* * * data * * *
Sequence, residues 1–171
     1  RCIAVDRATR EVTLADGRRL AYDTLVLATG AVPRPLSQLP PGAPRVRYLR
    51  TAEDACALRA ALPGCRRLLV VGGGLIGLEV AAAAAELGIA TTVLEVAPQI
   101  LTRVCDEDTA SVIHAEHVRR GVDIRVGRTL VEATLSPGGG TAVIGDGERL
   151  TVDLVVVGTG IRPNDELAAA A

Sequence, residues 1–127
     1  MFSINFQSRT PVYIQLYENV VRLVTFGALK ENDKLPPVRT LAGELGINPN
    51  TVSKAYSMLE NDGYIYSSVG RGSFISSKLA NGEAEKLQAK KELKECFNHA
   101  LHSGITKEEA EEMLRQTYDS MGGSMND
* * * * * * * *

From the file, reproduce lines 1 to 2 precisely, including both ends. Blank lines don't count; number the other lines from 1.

Sequence, residues 1–171
     1  RCIAVDRATR EVTLADGRRL AYDTLVLATG AVPRPLSQLP PGAPRVRYLR